A customer who actively engages with your business is more likely to stay as your customer. They are also more likely to advocate on your behalf through your network that will result in new customers for your business. This network can include many of the social media services you may have such as Facebook, Twitter, Google + or Linked In to name just a few. In addition, your website plays an important role and one key feature is that you can link your blogs to your website.
When planning your blog content you need to consider what issues will be of interest to your customers such that they will stay engaged, continue to visit your website and remain a customer. Therefore, planning your blog content is important to maintain this customer engagement and some of the following points may help with getting some ideas for planning your blog content:
- What questions have you been asked by your customers? Review the feedback you have received, what questions have been asked in conversations, via email, on Facebook or Twitter posts or what have customers said in testimonials.
- What are the current issues relevant to your industry? Maybe new technology, new products or maybe changes with legislation have occurred that may be relevant to your customers.
- Use Google to do searches and identify any new industry trends, review your competitor’s activities or whether your industry has received any recent publicity.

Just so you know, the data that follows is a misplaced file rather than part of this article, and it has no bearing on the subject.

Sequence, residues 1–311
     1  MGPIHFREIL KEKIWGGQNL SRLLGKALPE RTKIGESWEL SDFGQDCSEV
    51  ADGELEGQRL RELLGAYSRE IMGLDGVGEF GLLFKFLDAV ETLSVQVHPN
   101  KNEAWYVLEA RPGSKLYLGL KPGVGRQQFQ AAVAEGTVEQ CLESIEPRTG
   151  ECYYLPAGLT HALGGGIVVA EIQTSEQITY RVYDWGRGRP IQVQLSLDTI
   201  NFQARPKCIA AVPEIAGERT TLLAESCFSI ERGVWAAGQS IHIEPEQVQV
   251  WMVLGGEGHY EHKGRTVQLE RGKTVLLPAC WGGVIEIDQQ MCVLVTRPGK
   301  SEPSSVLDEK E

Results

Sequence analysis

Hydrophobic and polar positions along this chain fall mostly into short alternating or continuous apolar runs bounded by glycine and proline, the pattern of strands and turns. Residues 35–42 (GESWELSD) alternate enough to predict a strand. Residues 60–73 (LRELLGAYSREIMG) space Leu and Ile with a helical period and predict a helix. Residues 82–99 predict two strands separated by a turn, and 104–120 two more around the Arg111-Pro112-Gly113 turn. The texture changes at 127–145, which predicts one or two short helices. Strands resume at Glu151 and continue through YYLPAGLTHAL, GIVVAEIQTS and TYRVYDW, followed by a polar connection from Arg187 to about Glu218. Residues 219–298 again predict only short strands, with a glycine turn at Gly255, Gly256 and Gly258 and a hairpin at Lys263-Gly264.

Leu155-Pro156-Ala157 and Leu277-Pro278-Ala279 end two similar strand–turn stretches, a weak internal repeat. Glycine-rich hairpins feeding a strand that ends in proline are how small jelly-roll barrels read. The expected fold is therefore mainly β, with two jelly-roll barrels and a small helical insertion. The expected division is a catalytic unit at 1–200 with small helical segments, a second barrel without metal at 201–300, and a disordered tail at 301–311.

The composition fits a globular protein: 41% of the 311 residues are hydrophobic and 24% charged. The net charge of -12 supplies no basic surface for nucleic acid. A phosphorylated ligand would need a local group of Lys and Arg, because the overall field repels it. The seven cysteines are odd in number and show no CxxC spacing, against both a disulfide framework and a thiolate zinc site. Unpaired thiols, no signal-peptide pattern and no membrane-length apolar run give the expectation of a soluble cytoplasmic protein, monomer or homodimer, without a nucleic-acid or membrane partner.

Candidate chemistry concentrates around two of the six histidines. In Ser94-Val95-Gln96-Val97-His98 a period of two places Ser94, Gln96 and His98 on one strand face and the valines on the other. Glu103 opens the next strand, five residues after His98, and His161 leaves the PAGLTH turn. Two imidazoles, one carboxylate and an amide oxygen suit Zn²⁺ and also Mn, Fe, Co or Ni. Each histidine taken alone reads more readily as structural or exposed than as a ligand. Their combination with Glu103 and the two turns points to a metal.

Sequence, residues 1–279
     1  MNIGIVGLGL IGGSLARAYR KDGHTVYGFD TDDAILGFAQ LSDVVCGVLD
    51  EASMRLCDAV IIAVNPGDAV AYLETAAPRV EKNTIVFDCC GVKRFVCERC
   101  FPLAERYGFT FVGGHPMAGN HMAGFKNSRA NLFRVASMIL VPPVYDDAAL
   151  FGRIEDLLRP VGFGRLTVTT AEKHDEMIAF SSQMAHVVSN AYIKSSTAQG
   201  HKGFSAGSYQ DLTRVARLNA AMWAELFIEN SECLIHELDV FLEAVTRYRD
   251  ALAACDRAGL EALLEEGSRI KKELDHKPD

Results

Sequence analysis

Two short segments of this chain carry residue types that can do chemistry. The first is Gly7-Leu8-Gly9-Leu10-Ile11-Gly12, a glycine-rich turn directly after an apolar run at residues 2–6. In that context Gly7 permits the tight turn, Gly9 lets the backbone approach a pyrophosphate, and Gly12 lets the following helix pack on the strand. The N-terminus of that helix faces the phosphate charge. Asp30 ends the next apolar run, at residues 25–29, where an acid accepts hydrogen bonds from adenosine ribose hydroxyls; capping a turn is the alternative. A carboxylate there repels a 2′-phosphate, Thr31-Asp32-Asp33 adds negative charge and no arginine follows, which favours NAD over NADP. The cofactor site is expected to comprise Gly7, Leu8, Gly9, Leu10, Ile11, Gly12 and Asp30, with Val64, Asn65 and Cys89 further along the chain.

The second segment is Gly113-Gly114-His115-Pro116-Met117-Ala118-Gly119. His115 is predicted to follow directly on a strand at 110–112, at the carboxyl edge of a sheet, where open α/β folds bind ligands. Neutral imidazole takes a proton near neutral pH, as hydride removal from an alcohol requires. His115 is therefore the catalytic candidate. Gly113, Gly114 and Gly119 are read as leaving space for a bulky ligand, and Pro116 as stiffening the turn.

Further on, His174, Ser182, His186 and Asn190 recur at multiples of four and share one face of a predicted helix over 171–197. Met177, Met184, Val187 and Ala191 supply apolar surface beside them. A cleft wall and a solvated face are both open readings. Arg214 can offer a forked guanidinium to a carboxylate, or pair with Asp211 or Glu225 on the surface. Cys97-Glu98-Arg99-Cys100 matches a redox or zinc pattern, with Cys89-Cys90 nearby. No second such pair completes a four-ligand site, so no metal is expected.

- Are you planning to release new products or services, do you have an upcoming sale, have you made changes to your operations that benefit customers?
These points can help you develop themes and topics that are relevant and of interest to your customers. Establish how often you plan to post a new blog as this will allow you to prepare a schedule.
It is also important to note that blogs are just one element of your communication and marketing strategy and you need to ensure all the other components of the strategy have been incorporated too.
If you need help to achieve this then contact us as we can immediately assist you.
Establishing the correct price for your products and services is one of the fundamental issues you need to address with your business. Too often this is done poorly and can result in decreasing profits, loss of market share and even going out of business. Getting it right is critical. We’ve put together some tips that might help you to identify key factors which affect the pricing of your products and services.
- Make sure you take into account all the costs for the product or service. For example, be clear how you will include overhead costs that may include electricity, administration, lease and marketing costs.
- A common mistake with running a small business is that the owners will not include a realistic rate for their time and effort. For instance, you need to establish a reasonable hourly rate that reflects your effort for the task being done. Charging a very low hourly rate so your product or service is cheap may get you market share but will it pay your bills?
- Understand your competition and what they offer. For example, they may offer a lower cost product because they sell in bulk or they may not offer local after sales service. By understanding your competitors you can also identify a point of difference that may assist you with your marketing. Our recent post on this subject will help you understand this in more detail.
- Where do you position your product in the market place? For example, if you are trying to provide a low cost product, make sure your prices are comparable to those of your competitors in that segment of the market. This may also influence the quality of the components used as there would be no point using expensive parts if the final product is targeted towards the lower end of the market and your total costs make you uncompetitive.